Find out more

llustrator Quentin Blake opens new King’s Cross Academy and Frank Barnes School Illustrator Quentin Blake, bestknown for his work with author Roald Dahl, was the special guest during a day of celebrations to mark the opening of the new King’s Cross Academy primary school and Frank Barnes School for Deaf Children. The two schools, co-located in the heart of the King’s Cross development, have forged a close partnership where mainstream primary pupils and deaf children share facilities such as their library, playground and dining hall. Children and staff at both schools learn British Sign Language, allowing pupils to communicate with each other. The schools’ move to the Plimsoll Building provides much-needed community and educational facilities in the heart of the new King’s Cross development. The Academy and Frank Barnes can tap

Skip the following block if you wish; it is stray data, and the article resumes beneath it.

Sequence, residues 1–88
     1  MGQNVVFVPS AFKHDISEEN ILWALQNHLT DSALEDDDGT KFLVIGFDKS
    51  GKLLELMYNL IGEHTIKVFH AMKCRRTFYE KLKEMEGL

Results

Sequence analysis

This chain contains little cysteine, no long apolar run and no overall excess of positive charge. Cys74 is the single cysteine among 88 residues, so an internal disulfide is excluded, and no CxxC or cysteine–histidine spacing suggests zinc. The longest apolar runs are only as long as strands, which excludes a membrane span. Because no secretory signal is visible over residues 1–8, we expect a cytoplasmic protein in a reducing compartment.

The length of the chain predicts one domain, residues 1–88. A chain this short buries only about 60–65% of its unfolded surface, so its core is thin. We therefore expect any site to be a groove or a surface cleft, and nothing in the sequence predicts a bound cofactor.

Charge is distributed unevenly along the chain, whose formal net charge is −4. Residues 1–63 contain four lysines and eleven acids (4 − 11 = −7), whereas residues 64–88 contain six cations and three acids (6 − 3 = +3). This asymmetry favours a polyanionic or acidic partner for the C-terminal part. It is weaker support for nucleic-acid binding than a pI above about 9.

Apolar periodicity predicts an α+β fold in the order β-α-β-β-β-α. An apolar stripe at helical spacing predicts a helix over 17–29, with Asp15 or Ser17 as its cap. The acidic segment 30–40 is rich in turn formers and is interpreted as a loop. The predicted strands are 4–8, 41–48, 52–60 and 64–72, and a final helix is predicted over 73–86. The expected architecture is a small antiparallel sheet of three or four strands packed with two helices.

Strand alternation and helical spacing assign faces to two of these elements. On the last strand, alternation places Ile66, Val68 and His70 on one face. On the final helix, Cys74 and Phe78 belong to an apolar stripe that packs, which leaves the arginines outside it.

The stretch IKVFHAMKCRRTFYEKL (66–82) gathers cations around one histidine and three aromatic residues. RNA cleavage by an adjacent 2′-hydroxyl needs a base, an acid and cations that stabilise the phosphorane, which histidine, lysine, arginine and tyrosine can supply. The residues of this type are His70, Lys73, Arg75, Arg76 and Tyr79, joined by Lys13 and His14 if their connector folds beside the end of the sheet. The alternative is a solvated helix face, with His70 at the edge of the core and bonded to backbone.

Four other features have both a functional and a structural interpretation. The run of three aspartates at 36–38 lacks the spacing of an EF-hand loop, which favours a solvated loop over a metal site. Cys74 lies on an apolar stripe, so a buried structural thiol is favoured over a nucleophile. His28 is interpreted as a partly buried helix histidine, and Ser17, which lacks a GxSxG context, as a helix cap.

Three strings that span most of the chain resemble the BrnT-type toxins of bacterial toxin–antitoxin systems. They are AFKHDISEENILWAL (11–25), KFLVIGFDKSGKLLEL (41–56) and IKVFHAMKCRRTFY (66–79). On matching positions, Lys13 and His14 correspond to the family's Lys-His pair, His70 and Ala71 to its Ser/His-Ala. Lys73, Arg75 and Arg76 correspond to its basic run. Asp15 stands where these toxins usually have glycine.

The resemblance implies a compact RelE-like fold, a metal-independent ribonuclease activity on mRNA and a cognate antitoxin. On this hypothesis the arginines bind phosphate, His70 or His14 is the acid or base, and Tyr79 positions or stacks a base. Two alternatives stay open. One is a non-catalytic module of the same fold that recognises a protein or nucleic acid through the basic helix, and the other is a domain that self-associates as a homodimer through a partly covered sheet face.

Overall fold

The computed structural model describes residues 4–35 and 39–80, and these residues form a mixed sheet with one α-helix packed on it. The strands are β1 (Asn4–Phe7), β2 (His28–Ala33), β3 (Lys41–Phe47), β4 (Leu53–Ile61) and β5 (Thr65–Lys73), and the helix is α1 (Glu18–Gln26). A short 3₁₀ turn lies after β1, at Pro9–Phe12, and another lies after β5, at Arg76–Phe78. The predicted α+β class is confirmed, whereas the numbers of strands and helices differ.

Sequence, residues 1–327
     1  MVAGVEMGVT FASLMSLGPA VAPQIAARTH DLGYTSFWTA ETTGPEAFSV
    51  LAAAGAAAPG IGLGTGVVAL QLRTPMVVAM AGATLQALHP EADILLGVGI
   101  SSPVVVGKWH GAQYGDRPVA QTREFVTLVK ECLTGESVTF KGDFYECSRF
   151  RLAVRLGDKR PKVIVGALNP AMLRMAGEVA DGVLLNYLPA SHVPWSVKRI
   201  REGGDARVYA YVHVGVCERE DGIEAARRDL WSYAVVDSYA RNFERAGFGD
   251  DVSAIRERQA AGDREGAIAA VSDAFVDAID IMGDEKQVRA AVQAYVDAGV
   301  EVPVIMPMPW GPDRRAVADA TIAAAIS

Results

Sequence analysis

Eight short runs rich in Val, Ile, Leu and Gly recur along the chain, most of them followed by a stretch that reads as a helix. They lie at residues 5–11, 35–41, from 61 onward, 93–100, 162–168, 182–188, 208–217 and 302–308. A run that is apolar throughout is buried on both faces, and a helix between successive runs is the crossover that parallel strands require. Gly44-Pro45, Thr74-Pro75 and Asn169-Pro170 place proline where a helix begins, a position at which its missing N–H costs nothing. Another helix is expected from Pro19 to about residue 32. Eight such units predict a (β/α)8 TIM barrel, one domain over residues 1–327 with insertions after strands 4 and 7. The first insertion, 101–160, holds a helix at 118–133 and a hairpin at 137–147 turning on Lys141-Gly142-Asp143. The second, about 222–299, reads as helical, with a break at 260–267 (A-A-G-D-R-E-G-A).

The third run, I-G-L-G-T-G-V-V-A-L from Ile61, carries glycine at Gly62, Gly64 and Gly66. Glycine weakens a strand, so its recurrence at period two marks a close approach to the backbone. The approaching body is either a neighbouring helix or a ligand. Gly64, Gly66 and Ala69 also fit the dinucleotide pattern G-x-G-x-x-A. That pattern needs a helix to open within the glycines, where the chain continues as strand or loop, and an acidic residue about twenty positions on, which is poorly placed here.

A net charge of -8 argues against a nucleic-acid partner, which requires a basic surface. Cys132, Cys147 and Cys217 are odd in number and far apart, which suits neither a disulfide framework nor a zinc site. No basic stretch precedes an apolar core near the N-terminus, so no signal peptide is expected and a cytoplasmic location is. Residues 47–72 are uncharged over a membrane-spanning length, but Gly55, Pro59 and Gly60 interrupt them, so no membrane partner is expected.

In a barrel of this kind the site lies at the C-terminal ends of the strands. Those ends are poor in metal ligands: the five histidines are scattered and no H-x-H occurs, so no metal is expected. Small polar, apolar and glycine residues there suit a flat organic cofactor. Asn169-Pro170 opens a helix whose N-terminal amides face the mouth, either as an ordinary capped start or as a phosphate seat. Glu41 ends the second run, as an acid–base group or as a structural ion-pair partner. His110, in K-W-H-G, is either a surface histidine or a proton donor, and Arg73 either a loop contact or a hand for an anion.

Quentin Blake with pupils in their new co-located school.

into the many learning opportunities in the area and work with local organisations, such as Central Saint Martins College and businesses. The new Academy is sponsored by the King’s Cross Academy Trust, formed by the King’s Cross Central Limited Partnership (KCCLP), the owner and developer of the King’s Cross regeneration project, which has worked closely with Camden Council, Frank Barnes School and other partners to make the project happen. Other guests at the opening celebrations included the Leader of the Council, Councillor Sarah Hayward, and Councillor Angela Mason CBE, Cabinet Member for Children.

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It’s quicker to access council services online than over the phone or in person.

Idil, from Kilburn, has a Camden Account. Over 50% of households have already signed up. Activate your online Camden Account today. • Pay and view your council tax bill • Purchase parking permits • Order recycling equipment • Check bin collection days • Report a housing repair • Pay leaseholder service charges • View housing rent • View housing benefit claims and payments 32 | Camden | November 2015

Camden magazine November 2015